Abstract: The Early History of Chocolate
Lecturer: Rosemary Joyce
Chocolate is a widely appreciated luxury today, the center of multi-national trade. Most people know that chocolate originated in Central America. What is less well known is the recent explosion of knowledge about the early history of Theobroma cacao, the plant from which chocolate is made. This talk explores recent research, including my own work in Honduras, that has pushed the origins of human use of cacao back before 1100 BC. It considers what we now know was a wide range of ways of using cacao, including the possibility that the earliest use of cacao was for a fermented, alcoholic beverage. Touching on modern advances in archaeological chemistry, new understandings of the social life of food, and contemporary concerns about the roles women played in past societies, this journey through the history of chocolate is a window into the ways archaeology has developed in the last 20 years.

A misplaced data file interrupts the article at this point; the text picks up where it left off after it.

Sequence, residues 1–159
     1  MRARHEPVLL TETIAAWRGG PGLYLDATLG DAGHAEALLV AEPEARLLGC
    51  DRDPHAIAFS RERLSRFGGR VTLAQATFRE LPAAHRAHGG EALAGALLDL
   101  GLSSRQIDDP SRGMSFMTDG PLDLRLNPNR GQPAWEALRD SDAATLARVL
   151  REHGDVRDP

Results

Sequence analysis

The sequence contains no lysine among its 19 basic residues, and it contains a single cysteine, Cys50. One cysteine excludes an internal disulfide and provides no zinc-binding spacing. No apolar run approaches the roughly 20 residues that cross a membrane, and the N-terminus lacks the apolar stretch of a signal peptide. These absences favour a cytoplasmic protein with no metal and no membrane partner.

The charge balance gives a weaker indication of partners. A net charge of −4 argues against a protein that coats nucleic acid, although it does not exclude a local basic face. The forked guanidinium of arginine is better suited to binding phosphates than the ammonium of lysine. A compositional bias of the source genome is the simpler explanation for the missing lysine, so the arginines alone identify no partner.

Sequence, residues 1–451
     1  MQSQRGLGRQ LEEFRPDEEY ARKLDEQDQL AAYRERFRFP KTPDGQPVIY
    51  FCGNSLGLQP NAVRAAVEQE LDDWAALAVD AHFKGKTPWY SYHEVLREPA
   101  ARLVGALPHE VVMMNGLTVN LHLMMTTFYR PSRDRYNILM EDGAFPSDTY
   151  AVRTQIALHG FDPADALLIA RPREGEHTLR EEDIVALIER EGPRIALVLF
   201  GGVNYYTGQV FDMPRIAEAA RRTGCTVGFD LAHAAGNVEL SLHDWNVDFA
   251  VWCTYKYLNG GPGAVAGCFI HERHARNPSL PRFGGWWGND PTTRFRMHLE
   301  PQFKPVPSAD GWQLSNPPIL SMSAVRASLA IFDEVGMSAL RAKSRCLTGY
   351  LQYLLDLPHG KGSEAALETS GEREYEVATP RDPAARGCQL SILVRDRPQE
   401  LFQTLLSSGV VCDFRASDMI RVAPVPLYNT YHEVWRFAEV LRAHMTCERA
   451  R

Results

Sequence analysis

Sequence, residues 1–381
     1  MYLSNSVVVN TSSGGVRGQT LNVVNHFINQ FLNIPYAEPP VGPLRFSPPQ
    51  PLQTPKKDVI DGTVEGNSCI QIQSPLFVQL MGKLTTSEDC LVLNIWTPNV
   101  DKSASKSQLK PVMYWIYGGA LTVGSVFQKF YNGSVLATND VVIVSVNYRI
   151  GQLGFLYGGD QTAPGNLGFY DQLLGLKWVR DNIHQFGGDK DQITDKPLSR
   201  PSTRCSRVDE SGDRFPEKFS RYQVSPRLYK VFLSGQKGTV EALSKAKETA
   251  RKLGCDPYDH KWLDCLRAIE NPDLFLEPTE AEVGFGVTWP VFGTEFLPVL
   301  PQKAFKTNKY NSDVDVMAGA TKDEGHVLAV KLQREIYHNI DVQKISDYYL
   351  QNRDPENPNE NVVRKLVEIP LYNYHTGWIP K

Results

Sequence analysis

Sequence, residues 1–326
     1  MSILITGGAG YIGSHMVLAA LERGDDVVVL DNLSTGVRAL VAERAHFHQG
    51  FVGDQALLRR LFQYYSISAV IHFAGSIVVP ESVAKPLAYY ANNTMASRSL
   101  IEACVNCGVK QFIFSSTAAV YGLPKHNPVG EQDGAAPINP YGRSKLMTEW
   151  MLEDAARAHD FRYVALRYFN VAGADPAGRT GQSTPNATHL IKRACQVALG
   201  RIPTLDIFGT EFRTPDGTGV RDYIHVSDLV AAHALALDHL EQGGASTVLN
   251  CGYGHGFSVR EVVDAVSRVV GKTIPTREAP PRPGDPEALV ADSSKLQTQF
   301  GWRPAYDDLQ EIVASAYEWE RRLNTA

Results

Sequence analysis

2007 (Rosemary A. Joyce and John S. Henderson) From feasting to cuisine: Implications of archaeological research in an early Honduran village. American Anthropologist 109 (4):642-653.
2007 (John S. Henderson, Rosemary A. Joyce, Gretchen R. Hall, W. Jeffrey Hurst, and Patrick E. McGovern) Chemical and archaeological evidence for the earliest cacao beverages. Proceedings of the National Academy of Sciences 104: 18937-18940.
2006 (Cameron McNeill, editor) Chocolate in Mesoamerica: A Cultural History of Cacao. University Press of Florida